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Former Newspaperman Feels “Blessed By Job” at the Rescue Mission

Lee Clark

by Melvin E. Matthews, Jr.

Before he began what would eventually become a full-time association with the Roanoke Rescue Mission, CPA Lee Clark served as a major account sales executive at the Roanoke Times, where he also worked for a time as a manager for the paper’s classified department.  Clark initially became acquainted with the Rescue Mission when Judy Rumford, who had retired from the Times and was now volunteering at the Mission, invited him to tour the facility.

Through this opportunity, Clark met Mission CEO Joy Sylvester-Johnson, whose parents had founded the facility in 1948.  Sylvester-Johnson invited Clark to join the Mission’s foundation board—and eventually followed that offer with another:  the job of planned giving officer, a position Clark felt he was qualified to fill since he had been involved with advertising and marketing.  One primary focus of his new job at the Mission would be persuading donors to include the Mission as they are preparing their wills or estates.

From that beginning, Clark rose to his current position as director of development and finance at the Mission. Comparing his job at the Mission with his former profession, Clark explains that the latter “was very similar in some ways in that my job was to understand the needs of my customers and to provide excellent customer service and to provide a resource to them — to be able to get the message out about what they were doing.  At the Rescue Mission …we have an excellent reputation, a wonderful resource here with the services that we provide [which includes] everything from emergency shelter to medical care through our free credit for the homeless to our recovery programs to clothing for people.”

Clark is never at a loss for words when describing what the Rescue Mission offers: “we provide three meals a day [and other resources] to people who are in crisis—families who have lost their homes, people who have been in housing and, for whatever reason, find themselves on the street. The Rescue Mission [offers] medical care, case management, and recovery programs. There are all sorts of needs that are here, and our volunteers and our donors are what enable us to keep the doors open every day.”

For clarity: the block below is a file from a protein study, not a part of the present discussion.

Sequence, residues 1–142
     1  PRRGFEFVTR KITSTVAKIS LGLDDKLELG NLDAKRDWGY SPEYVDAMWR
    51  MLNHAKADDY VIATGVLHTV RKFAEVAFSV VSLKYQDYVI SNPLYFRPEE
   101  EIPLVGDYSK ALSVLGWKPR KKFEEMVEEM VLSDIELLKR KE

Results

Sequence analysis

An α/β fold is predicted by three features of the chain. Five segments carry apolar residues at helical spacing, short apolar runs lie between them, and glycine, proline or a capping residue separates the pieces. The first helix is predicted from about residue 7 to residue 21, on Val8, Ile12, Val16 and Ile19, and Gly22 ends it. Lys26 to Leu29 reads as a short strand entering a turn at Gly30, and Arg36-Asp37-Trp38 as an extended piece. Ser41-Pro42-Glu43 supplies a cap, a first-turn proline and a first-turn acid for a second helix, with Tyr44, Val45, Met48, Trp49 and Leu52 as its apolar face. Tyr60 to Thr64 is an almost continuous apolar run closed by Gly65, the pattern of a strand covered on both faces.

Among the programs offered is a residential drug and alcohol recovery program that takes approximately 16 months to complete—during which time enrollees, in addition to taking classes aimed at teaching them how to live a chemically-dependent free life, have a work assignment at the Mission, which is the only shelter in Virginia to have a free clinic on-site.  The Mission also provides mental health, psychiatric, and dental care.

“We’d love to be able to offer more dental care,” says Clark, “and we’re actively working to build on our dental care that we’re offering here in the clinic. Dental care and medical care are two of the areas where we have [more] opportunities to continue to build on what we’re doing.”

The Rescue Mission receives all of its funding from private sources.  Despite the current economic hard times, funding levels have remained steady.  “Thanks to those individuals who are writing those monthly gifts and making their support for the Mission,” Clark says. “I think a lot of folks see the Rescue Mission as their favorite charity.  They are invested here through their time—coming to volunteer.  They’re invested here through the gifts that they make.  And fortunately, thanks to those folks, who make that possible, we’re able to keep our doors open.”

Calling his experience with the Mission “a blessing,” Clark adds, “I have felt so grateful to be able to be here, to be able to grow and to connect people who want to help with those who are in need. That’s really a lot of what my job is all about—being able to connect people who have a heart–they want to help; they just don’t know how to do it.  And the Rescue Mission is a very tangible place where people can get involved and make a real difference in somebody’s life.  I think we have a wonderfully compassionate community, and the Rescue Mission provides that access point for people who want to help, to be able to get involved in a way that’s safe and efficient, to be able to help people and help them get back on their feet.”

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